Birmingham, Irondale & Shelby County awarded $1.1M+ in recycling grants

ADEM Recycling
ADEM Director Lance LeFleur, and city of Birmingham representatives Sade McClaney and Josh Yates ( Pat Byington/Bham Now)

Birmingham, Irondale and Shelby County were awarded nearly $1,138,319 in recycling grants from the  Alabama Department of Environmental Management‘s (ADEM) Alabama Recycling Fund (ARF). 

Last week, a check presentation was held at the annual Alabama Recycling Coalition Conference & Expo in Pelham.

Read on to learn more about the grants and the statewide fund.

250 recycling grants since 2008

Established in 2008, ADEM has awarded over 250 recycling grants totaling more than $30M. This year, the agency awarded 37 Alabama communities within three different categories, grants totaling about $7.5 million.

The grants pay for the following:

  • Collection equipment
  • Educational materials
  • Processing equipment
  • Other needs of local recycling programs.  

The funding benefits local communities and households throughout the state, and enables Alabama to continue to achieve statewide waste reduction and recycling goals.

Local Birmingham area grants

ADEM Recycling
ADEM Director Lance LeFleur and Irondale Mayor James Stewart (Pat Byington/Bham Now)

One of the largest Fiscal Year 2024 grants given was to the City of Birmingham. The Magic City received a whooping $752,931.

“What we’re  trying to do is build a more robust recycling program than we have today. Currently, our citizens put recyclables on the curb with bags and boxes or in a bin that they may have received a long long long time ago. We’re looking at purchasing a truck and recycling bins.”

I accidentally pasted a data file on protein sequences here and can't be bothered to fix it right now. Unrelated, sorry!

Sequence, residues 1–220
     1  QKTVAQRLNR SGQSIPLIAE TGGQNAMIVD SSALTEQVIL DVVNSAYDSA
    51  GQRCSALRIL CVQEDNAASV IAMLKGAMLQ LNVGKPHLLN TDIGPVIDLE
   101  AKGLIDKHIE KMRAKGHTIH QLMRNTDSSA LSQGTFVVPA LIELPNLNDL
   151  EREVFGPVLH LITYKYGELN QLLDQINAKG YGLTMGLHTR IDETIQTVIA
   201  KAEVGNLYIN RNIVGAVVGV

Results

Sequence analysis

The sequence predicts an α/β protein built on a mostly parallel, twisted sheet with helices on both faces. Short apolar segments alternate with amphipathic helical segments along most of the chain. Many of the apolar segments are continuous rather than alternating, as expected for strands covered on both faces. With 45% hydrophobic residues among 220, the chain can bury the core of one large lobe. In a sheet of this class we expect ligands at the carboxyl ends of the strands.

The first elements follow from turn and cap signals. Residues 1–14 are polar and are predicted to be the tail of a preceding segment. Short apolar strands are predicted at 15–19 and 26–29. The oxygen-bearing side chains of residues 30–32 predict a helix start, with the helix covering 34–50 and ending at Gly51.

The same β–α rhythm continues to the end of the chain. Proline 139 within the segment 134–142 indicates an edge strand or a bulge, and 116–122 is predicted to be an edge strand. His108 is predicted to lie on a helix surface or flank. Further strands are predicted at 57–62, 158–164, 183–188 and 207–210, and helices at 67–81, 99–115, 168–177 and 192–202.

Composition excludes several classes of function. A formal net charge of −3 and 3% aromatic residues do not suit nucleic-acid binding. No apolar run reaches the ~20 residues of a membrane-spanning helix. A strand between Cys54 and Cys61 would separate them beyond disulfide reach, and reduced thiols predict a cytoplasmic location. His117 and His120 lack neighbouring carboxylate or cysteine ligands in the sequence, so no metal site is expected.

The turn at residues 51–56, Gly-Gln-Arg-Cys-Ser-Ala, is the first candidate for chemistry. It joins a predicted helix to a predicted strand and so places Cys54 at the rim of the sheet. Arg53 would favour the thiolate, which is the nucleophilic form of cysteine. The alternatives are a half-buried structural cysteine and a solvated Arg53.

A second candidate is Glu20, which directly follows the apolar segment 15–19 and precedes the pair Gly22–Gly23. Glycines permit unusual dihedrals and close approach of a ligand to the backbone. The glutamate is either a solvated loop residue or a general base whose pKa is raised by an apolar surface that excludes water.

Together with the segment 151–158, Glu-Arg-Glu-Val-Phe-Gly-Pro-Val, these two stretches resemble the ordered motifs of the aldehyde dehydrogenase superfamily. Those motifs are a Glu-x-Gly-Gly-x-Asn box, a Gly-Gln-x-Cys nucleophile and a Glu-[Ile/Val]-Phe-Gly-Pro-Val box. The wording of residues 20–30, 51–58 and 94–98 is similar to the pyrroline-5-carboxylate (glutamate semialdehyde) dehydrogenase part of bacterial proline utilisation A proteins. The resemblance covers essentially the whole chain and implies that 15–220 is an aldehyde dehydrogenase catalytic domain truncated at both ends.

Josh Yates, Director of Public Works, City of Birmingham

Yates told Bham Now that the city of Birmingham is pursuing an additional recycling grant funding from the EPA. Along with the recycling infrastructure improvements, a portion of the ADEM grant is dedicated toward recycling education.

Similarly, the city of Irondale and Shelby County grants are geared toward recycling infrastructure and education. Here is their grant totals:

  • Irondale Recycling  Grant— $283,698
  • Shelby County Commission—  $101,590

Why does recycling matter to communities like Birmingham and surrounding communities? Yates summed it up best.

“We run and operate our own landfills. The less we put in there, the less need to have to build more units (landfills). The more we can get into recycling the less we have to send to our landfill.”

Josh Yates, Director of Public Works, City of Birmingham

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Pat Byington
Pat Byington

Longtime conservationist. Former Executive Director at the Alabama Environmental Council and Wild South. Publisher of the Bama Environmental News for more than 18 years. Career highlights include playing an active role in the creation of Alabama's Forever Wild program, Little River Canyon National Preserve, Dugger Mountain Wilderness, preservation of special places throughout the East through the Wilderness Society and the strengthening (making more stringent) the state of Alabama's cancer risk and mercury standards.

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